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July 15, 2022 Judicial Division

Director's Column

By Ms. Tori Jo Wible, Chicago, IL

This version of the Director’s Column features a guest essay. Prompted by a random conversation, I reached out to a friend going through a rough patch to remind them that they are loved and supported. What I got back really moved me, and I hope it will move you as well. We can all use a little help from our friends and sometimes it’s as easy as asking “how are you?” and really listening to their response. 

Wow, that’s truly tragic…I know all too well how difficult coping can be and how drug use can put your problems in the back of your mind for at least a little while. It's a comfortable place but eventually, you can't exist anywhere else. In my personal experience, it leads to wondering "well, this one thing isn't getting the job done so what else can I do to get me back to that place?". I think that's where the misconception of "gateway drugs" really comes from. It's not exactly one drug to blame, but the act of escapism that the user is always reaching for; they want a means to get away from themselves and they are going to get it. Addicts are very driven people, they just focus that drive towards self-destructive behaviors. Because of the very real social stigma that exists surrounding addiction, it can be difficult to get help even if some part of you wants it. Relapsing, for instance, is a normal and almost expected hurdle in every addict's path to heal themselves. However, if an addict does relapse, the people around them will view them as a "lost cause" or "beyond help". When that's all you hear after making one slip-up, of course you're going to believe it. You're already feeling incredibly vulnerable and most likely pretty ashamed of yourself so when someone calls you a lost cause you say to yourself "f*** it, they're right". That's when using gets more excessive; not only do you need to get out of your own life more than ever, but you start thinking everyone in your life would be better off without you. I feel things like the rampant overdoses in this country won't get better until we start changing our attitude toward addiction and mental illness.
For instance, there's this really bizarre double-standard that society seems to have towards suicidal people vs people who have died by suicide. Suicidal people are still viewed as "attention-seekers", they're avoided for being "a bummer to be around" and that they'll "never really do it". That said, if someone does die by suicide, everyone wishes they saw the signs, did something to help, wish they hadn't done it, etc. and it's total lunacy. I think addiction and suicidal ideation go hand-in-hand because these social stigmas make the mental illnesses a potent cocktail of self-loathing. These people don't need to be shunned, they need to be talked to. Even constant users can recover if even a tiny shred of them truly wants to, but it may take an unimaginable amount of time and work. That may be the issue with short-term rehab clinics that claim to turn someone's entire life around in two weeks. Recovery isn't a sprint, it's a marathon with a boulder strapped to your back. Addiction and recovery are both intense burdens for people to carry, and there are always days where the weight feels like too much to bear anymore.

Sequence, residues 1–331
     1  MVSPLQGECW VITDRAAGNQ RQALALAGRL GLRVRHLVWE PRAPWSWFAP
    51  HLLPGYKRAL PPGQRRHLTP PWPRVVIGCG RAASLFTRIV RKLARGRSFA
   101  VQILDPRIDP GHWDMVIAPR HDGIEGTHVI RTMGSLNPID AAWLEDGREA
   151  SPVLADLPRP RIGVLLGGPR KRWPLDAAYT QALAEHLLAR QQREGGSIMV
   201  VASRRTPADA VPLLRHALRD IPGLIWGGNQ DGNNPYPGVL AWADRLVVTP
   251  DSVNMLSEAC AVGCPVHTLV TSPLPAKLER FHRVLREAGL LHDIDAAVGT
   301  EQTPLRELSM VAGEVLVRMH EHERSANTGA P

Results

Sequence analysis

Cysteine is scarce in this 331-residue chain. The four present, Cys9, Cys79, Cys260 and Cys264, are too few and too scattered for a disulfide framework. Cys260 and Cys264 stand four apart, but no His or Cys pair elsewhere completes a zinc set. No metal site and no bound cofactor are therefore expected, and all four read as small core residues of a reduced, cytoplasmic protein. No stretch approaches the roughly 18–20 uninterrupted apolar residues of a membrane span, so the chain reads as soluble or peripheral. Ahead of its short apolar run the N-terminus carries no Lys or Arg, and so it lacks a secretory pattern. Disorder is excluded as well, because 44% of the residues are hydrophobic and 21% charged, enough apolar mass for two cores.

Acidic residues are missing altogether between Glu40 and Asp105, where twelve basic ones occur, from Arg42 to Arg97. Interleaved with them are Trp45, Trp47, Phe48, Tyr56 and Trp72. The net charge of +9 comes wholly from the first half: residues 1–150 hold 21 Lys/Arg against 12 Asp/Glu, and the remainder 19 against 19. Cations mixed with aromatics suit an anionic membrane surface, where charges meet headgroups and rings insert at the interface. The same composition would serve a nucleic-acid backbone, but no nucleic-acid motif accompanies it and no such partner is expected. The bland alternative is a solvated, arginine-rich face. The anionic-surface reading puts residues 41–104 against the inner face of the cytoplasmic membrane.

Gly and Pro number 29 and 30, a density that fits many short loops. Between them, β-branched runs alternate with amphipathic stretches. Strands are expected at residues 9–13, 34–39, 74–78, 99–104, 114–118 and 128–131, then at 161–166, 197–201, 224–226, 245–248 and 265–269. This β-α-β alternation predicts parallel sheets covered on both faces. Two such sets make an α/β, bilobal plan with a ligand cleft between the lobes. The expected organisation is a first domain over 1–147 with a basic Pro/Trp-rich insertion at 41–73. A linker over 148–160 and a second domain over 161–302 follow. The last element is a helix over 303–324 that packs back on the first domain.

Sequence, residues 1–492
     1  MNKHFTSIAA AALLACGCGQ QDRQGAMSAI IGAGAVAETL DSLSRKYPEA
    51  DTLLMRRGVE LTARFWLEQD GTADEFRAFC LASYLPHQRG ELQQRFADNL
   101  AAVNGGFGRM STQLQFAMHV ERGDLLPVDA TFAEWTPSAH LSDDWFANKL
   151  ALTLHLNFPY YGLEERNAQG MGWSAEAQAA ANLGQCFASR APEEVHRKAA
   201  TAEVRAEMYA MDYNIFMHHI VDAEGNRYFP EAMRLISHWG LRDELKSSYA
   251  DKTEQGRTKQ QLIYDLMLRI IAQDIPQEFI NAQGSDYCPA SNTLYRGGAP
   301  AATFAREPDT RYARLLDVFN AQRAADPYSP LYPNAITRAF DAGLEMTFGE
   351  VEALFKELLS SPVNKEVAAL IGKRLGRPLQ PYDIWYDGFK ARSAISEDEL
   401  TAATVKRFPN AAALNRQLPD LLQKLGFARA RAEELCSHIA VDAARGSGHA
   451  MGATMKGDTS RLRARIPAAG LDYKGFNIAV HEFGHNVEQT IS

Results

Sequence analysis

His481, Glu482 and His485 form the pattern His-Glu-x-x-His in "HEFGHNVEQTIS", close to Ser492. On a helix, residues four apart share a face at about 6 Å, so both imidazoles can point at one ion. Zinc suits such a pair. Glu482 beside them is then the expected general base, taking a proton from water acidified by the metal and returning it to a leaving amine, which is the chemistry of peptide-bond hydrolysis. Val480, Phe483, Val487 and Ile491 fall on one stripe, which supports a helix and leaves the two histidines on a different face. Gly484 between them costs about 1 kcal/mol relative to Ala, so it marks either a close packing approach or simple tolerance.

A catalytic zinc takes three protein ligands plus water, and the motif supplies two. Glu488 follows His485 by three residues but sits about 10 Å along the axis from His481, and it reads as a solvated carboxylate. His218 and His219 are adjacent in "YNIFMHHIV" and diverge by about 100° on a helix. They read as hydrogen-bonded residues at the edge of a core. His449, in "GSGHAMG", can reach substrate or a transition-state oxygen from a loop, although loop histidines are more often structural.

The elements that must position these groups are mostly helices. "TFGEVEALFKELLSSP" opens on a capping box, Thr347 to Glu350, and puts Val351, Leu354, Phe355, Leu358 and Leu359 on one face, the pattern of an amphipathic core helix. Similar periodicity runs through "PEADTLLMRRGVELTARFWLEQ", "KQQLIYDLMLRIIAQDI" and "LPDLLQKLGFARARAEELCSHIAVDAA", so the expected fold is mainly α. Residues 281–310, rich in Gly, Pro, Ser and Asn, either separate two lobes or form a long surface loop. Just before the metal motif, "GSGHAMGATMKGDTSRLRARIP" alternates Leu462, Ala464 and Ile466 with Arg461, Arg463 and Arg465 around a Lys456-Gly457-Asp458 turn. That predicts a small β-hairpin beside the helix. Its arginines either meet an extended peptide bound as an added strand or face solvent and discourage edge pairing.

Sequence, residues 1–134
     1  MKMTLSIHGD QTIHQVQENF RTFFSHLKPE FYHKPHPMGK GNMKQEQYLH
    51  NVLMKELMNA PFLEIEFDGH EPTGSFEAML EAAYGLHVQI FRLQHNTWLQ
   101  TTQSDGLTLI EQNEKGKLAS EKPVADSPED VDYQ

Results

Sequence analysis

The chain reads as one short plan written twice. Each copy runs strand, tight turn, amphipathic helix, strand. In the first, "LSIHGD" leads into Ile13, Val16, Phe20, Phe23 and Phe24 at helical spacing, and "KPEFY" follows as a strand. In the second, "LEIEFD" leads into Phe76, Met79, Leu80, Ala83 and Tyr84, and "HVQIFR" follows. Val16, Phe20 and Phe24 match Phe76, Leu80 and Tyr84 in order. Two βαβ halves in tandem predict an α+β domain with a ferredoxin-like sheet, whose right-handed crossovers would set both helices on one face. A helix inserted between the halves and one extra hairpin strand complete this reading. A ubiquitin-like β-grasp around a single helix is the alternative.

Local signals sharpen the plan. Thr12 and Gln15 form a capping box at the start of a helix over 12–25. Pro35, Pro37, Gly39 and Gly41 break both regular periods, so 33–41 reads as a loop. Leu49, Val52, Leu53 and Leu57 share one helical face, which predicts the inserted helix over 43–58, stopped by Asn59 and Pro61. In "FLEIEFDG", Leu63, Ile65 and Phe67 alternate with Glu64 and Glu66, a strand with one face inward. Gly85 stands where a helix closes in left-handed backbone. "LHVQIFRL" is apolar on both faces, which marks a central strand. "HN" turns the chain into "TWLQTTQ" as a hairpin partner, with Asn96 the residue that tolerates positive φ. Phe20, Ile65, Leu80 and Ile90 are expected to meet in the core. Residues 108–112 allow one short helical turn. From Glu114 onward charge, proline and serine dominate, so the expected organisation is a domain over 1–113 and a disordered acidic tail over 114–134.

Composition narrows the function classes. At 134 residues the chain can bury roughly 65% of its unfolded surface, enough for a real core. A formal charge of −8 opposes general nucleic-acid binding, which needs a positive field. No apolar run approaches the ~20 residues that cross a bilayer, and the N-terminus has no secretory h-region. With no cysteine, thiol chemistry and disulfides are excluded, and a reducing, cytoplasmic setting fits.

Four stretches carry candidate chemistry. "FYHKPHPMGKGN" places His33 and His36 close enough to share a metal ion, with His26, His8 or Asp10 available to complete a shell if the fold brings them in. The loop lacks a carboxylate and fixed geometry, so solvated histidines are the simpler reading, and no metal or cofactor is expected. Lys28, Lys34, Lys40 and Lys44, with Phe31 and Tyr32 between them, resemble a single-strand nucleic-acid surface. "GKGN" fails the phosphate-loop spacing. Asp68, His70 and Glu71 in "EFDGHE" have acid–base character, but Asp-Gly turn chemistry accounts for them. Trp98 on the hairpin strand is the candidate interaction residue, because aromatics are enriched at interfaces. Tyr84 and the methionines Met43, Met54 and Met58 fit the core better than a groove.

I wish I knew why these issues seem to affect creatives the hardest. Perhaps because our souls were built too warm and soft for the cold, sharp world the powers-that-be have created for us to try and find a way to live in. I could go on about the evils of "work to live '' culture and the general notion that trying to be a professional creative isn't " a real job" unless monumental popularity or huge sums of money are involved. It all just adds up to more undue pressure and stress, leading to the root of these problems: needing to escape. Rather than being able to simply create and exist, we're forced to live in a world that feels like a prison.

I am sorry for the family's loss, I hope they allow themselves to feel what they're going through and come out stronger from this traumatic event. It seems like the world was robbed of a multi-talented, strong-willed woman; something the world will always need more of.

Ms. Tori Jo Wible

Ms. Tori Jo Wible

Judicial Division Director, Chief Counsel

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